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Quote:
 Original post by Jacob Roman//Located in some functionTorque.Net = 9.8 * Obj.Inertia

I dont think this bit makes a whole lot of sense, so I would start with figuring out why you needed to add it and work from there.

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9.8 was my torque cause 1 kgf-cm is 9.8 newtons, but multiplying it by its inertia didn't make sense to me either, hence thats why I made this thread.

Perhaps there is a problem in my prog that involved the units. I'm gonna double check to be sure though. And the "correct results" wasn't just correct visually, but numerically as well. Hell, I practically got it rotating at exactly 33.33333 RPM in real time.

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Quote:
 Original post by Jacob Roman9.8 was my torque cause 1 kgf-cm is 9.8 newtons

What you say here is actually wrong. kgf is a force. Newtons are a force. kgf-cm is a torque. 1 kgf-cm cannot be equal to 9.8 Newton's since a torque cannot be equal to a force. You have a units problem right in this statement!

So, this little units problem is easy to correct. 1 kgf does == 9.8 Newton's (force == force). And it is valid to say that 1 kgf-cm is == 9.8 Newton-cm (torque == torque). or 1 kgf-m == 9.8 Newton-m. But 1 kgf-cm != 9.8 Newton-m (different length units on each side). In this case, 1 kgf-cm == 0.098 Newton-m (since there are 100 cm in 1 m). That length unit can make all the difference in the world.

When doing physics, one should pay rigorous attention to detail. You just gotta make sure you have the same units for all values that are compared directly. I hope this helps you find the key to the mixup!

[Edited by - grhodes_at_work on June 14, 2006 1:06:40 PM]

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Ohhhhhh, now you tell me. Hehe. I'll correct it and all, but I hope you are right!

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Actually it was 980 N-m not 0.098 N-m. And believe it or not, it works! All of my physics math is now correct! Thanks! Now I just gotta add sound so I can have scratching capabilities (got source code for that) and I'm all set.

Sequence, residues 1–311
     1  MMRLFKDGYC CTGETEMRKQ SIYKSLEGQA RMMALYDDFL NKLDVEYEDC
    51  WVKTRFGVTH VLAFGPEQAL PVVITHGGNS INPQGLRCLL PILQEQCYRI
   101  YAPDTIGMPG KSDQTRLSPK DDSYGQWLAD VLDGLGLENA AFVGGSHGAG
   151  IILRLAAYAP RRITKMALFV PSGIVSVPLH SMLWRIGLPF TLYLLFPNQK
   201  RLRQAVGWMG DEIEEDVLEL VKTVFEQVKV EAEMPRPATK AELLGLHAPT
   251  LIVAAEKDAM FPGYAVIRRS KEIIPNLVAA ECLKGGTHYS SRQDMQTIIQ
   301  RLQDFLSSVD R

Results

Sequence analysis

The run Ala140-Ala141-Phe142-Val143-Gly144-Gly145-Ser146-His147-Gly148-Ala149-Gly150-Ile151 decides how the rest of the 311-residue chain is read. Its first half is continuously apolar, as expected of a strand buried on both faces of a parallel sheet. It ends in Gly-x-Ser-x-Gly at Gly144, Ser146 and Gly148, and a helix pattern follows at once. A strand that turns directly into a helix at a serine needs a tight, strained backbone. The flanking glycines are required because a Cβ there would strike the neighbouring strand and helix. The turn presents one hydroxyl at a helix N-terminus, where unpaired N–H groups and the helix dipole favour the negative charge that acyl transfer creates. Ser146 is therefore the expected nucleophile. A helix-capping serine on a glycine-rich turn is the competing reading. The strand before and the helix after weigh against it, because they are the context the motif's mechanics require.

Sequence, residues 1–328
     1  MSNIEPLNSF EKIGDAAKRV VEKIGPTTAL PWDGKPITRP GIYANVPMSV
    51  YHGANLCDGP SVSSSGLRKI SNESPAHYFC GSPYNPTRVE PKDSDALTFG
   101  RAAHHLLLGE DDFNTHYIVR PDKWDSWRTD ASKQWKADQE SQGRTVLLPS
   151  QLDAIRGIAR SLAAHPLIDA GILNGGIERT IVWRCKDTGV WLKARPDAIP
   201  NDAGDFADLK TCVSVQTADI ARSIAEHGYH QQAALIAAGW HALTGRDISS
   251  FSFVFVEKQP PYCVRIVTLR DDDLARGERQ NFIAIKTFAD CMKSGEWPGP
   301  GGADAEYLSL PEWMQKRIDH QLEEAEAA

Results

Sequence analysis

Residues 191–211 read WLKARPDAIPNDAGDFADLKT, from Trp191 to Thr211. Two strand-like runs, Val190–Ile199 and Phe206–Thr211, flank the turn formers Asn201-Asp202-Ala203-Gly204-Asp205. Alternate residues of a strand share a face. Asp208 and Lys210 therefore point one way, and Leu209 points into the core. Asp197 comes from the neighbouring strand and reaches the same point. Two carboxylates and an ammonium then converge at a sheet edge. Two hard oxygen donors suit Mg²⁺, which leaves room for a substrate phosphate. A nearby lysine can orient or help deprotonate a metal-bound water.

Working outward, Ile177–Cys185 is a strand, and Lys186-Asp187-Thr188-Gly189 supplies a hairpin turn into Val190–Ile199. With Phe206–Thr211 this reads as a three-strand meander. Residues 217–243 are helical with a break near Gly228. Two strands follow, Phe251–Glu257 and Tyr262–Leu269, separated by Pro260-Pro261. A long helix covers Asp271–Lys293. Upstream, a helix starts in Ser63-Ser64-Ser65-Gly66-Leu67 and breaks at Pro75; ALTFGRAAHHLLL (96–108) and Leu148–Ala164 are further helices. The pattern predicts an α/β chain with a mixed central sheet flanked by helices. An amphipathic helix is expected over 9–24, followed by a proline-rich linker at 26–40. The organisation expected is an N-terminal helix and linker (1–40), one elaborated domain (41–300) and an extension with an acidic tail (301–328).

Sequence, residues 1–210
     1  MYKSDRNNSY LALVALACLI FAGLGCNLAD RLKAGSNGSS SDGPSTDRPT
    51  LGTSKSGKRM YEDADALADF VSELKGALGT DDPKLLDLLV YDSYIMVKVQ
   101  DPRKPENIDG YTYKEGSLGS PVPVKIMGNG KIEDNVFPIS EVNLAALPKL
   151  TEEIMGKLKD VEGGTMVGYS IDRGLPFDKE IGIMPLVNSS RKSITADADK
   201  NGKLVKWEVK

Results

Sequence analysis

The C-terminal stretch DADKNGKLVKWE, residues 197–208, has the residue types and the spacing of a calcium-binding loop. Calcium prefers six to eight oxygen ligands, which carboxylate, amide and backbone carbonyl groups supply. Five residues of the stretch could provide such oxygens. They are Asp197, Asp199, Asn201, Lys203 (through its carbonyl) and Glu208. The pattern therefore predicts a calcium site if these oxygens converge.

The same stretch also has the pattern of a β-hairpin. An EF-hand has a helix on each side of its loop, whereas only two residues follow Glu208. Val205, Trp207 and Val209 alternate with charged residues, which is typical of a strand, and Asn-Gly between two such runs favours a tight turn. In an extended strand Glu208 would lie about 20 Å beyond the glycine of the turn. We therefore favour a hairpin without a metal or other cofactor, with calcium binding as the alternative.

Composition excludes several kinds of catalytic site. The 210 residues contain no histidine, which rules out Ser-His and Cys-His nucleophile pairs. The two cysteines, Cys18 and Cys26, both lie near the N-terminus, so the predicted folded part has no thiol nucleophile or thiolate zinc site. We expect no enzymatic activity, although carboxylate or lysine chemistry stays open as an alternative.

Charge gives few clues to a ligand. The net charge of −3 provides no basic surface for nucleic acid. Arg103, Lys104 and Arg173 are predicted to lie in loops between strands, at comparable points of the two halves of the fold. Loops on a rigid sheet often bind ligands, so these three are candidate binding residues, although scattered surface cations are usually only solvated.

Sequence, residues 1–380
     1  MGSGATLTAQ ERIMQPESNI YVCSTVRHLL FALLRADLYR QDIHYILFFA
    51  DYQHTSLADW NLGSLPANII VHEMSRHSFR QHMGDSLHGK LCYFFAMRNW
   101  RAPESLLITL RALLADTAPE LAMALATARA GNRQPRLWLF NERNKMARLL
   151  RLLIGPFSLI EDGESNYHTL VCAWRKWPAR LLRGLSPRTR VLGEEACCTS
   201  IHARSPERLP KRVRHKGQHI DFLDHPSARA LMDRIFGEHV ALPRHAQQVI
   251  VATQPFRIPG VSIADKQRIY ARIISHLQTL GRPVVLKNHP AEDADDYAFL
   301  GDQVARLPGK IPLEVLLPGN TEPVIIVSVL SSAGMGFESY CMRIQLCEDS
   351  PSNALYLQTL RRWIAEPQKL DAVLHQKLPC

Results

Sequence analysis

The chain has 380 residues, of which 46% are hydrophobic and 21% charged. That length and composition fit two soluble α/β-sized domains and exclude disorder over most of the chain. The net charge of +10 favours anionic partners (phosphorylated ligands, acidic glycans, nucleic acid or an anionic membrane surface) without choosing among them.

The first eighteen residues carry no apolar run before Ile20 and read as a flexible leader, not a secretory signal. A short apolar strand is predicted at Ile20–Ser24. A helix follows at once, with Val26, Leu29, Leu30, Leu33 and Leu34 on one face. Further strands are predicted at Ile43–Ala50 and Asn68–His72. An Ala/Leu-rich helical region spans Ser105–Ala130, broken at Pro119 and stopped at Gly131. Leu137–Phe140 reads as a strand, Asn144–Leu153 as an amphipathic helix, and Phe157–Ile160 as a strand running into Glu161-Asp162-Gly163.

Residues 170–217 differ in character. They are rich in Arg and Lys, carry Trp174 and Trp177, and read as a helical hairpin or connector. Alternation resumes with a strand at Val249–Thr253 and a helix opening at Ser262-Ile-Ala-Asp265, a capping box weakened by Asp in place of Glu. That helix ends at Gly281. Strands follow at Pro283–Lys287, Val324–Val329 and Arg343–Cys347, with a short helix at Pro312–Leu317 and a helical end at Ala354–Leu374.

[Edited by - Jacob Roman on June 14, 2006 5:33:20 PM]

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Quote:
 Original post by Jacob RomanActually it was 980 N-m not 0.098 N-m. And believe it or not, it works! All of my physics math is now correct! Thanks! Now I just gotta add sound so I can have scratching capabilities (got source code for that) and I'm all set.

Something else in the units doesn't add up. 1kgf-cm maps to 9.8 N-cm. There is 1 meter per 100 cm. So the ratio of m/cm = 1/100. Multiply 9.8 N-cm * 1 m/100 cm to get 0.098 N-m as I reported (the cm cancels algebraically).

Have you seen Guitar Hero? Great game. Kind of like a dancing/rhythm game, but for guitar player rocker wannabees. Hmmm. I'm imaging your game is maybe similar, but for DJ's?

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Well it's time I prove it to you.

Vinyl Mass = 0.14969 kg
Vinyl Inertia = 0.5 * Mass * Radius ^ 2 = 15.96441

Platter Mass = 0.74072 kg
Platter Inertia = 0.5 * Mass * Radius ^ 2 = 108.8672

Object Inertia = Vinyl Inertia + Platter Inertia = 124.83161

Torque = 980.665

Angular acceleration = 980.665 / 124.83161 = 7.85590 <---- correct amount of torque needed.

The other torque = 0.09807

Angular acceleration = 0.09807 / 124.83161 = 0.00079 <---- 1 pixel per second anyone? Too slow.

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980.665 is correct because m/cm should be 1.0 / (1.0 x 10-2) = 100.0

Grahams reasoning is correct, he's just made a little slip up by the looks of things.